By Dave Sewell
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Protests and shutdowns meet Golden Dawn trial in Greece

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Issue 2450
anti-fascists march on the prison where the Nazi Golden Dawn is on trial
Anti-fascists march on the prison where the Nazi Golden Dawn is on trial (Pic: Workers’ Solidarity)

Angry crowds marched on Korydallos prison in Athens on Monday of this week as the trial of the Nazi Golden Dawn party began inside. 

Thousands of workers and large numbers of migrants took part. Trade unions, including public sector federation ADEDY, called a national four-hour strike and the local authority held a shutdown. 

“It was a massive demonstration,” said Stelios Michaelides from Socialist Worker’s sister paper Workers’ Solidarity. “People called for jailing the Nazis and legalising the migrants.”

A march led by ADEDY and anti-fascist organisation Keerfa converged outside with marches led by the Communist Party and the ruling radical left party Syriza. Some 69 leading Golden Dawn members are on trial. 

The trial covers anti-fascist rapper Pavlos Fyssas’ murder in September 2013, and assaults on Communist Party trade unionists a few days earlier and Egyptian fishermen in 2012. 

The court will also crucially consider more than 100 attacks to decide if Golden Dawn is a criminal organisation. This includes the 2013 murder of Pakistani worker Shehzad Luqman. 

Conviction would mean long sentences for its leaders. Socialist lawyer Thanassis Kampagiannis is representing the Egyptian fishermen.

He told Socialist Worker, “A guilty verdict would be a vindication for those of us who have argued for 20 years that Golden Dawn is not a legitimate political party but a Nazi gang.

“It will bring justice to its victims. But it’s also about the political impact—Golden Dawn is still trying to create a political space for itself.”

It took strikes and mass protests after Pavlos’s murder to force the authorities to move against Golden Dawn. The trial faced lengthy delays, and much about it remains highly contested.

For instance, anti-fascists and Korydallos local authorities want it relocated to central Athens from the suburban jail that’s less accessible to protesters and the media.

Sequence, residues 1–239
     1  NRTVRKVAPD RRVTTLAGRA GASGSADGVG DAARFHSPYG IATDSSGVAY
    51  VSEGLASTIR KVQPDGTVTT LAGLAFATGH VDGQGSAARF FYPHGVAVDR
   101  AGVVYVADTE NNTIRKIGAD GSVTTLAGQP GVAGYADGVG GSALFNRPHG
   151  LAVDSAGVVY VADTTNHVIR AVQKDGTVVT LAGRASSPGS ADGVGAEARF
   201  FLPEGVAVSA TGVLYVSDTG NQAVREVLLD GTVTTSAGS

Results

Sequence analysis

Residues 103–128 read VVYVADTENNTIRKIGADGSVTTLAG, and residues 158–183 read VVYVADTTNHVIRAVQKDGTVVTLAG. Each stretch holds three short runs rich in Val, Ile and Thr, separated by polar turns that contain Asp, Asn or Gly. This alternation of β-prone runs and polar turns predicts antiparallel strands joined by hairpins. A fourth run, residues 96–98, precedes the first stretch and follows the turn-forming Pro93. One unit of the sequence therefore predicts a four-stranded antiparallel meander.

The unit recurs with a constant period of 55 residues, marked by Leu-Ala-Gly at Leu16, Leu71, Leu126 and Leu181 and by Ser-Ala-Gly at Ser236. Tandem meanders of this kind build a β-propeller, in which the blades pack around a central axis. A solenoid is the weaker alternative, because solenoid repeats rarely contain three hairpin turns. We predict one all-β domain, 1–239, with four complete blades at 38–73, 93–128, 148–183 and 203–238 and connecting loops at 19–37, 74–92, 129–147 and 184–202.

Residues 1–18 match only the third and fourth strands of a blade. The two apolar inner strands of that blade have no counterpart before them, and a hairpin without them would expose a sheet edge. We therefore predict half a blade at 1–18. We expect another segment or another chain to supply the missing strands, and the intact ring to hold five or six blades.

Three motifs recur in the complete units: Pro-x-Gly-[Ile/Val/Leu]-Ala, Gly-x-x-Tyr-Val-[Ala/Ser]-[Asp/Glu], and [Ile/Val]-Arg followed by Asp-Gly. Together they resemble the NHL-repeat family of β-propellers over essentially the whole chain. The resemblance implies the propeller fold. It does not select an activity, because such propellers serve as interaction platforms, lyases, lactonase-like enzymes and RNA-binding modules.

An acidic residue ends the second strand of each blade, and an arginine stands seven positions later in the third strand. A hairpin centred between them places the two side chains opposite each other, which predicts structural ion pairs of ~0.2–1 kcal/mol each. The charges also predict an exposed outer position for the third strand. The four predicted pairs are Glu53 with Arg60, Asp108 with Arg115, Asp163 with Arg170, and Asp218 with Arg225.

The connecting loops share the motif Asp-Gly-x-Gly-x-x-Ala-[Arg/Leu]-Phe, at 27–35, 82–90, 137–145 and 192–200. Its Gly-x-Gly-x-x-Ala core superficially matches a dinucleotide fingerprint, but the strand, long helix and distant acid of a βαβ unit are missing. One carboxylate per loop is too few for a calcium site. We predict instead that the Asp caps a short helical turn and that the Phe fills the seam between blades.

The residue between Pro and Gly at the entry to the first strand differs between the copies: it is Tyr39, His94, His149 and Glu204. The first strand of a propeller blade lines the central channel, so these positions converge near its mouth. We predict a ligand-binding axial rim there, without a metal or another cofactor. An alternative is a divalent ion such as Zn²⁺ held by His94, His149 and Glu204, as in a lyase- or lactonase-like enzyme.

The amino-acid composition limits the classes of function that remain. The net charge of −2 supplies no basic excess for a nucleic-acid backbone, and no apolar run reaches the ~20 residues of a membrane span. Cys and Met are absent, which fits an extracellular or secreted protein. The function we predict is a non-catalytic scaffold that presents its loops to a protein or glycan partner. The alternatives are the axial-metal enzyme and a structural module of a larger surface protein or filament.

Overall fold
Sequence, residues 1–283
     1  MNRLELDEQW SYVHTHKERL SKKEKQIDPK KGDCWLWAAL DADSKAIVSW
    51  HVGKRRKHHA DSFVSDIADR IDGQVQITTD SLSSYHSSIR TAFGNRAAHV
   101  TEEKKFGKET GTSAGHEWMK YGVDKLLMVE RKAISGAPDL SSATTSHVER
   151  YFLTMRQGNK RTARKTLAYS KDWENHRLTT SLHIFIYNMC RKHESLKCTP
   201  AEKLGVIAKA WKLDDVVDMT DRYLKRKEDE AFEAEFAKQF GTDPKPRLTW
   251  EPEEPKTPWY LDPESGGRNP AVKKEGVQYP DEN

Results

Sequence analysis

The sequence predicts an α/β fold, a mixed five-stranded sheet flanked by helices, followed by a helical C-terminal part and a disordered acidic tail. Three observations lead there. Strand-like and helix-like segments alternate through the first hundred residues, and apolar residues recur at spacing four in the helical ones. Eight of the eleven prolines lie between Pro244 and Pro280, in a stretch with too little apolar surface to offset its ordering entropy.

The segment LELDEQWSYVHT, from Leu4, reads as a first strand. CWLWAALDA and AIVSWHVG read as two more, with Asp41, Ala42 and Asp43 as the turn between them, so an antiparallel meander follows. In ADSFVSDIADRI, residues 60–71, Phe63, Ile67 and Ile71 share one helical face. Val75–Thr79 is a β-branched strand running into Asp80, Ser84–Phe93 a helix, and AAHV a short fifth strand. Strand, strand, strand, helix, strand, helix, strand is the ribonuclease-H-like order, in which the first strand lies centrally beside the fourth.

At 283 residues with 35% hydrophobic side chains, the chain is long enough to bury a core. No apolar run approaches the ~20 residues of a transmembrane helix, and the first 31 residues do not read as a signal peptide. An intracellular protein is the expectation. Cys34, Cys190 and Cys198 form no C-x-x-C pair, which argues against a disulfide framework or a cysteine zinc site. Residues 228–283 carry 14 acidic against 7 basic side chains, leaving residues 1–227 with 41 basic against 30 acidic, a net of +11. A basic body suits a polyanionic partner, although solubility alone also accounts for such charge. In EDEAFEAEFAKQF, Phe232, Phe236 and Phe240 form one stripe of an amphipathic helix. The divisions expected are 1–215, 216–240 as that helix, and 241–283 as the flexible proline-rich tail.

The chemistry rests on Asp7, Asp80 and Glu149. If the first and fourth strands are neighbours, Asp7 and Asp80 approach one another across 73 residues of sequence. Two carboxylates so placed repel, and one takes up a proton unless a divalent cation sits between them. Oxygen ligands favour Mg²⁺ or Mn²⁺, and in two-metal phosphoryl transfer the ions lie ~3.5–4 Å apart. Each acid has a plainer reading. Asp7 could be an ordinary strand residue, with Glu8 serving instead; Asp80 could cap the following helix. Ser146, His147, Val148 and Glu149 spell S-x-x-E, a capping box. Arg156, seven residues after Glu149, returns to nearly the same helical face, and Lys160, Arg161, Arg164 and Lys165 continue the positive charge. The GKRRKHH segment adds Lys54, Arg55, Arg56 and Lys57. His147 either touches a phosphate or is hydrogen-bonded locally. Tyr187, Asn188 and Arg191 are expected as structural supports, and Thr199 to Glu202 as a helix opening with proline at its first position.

The law used against Golden Dawn includes terror legislation that anti-fascist lawyers argue should be repealed. And they are striving to highlight Golden Dawn’s links to the state. 

Thanassis explained, “The defendants include one police officer and two people from the armed forces. But it was originally to include many more. 

“The murder of Pavlos Fyssas took place in front of at least ten cops who did nothing. So there has been an effort to limit exposure of the collusion between the state and Golden Dawn.

“Strikes and protests are very important. There was always a fear that after such a long wait the movement would leave this to the government. 

“Syriza’s leadership has a mostly unspoken strategy of ignoring Golden Dawn so it can divide the votes of the right. But you can’t ignore a Nazi threat.

“The government has put the army and the police under the control of right wing ministers, who want to conciliate the repressive ‘deep state’ with the Nazis. 

“The anti-fascist movement has to challenge this and actively break those links.” 

Small groups of Nazis attacked some protesters and witnesses on their way to the court, including two friends of Pavlos. The trial is expected to take more than a year.

As judges announced that it would resume on 7 May, speakers at the rally outside announced that so would the shutdowns and protests.


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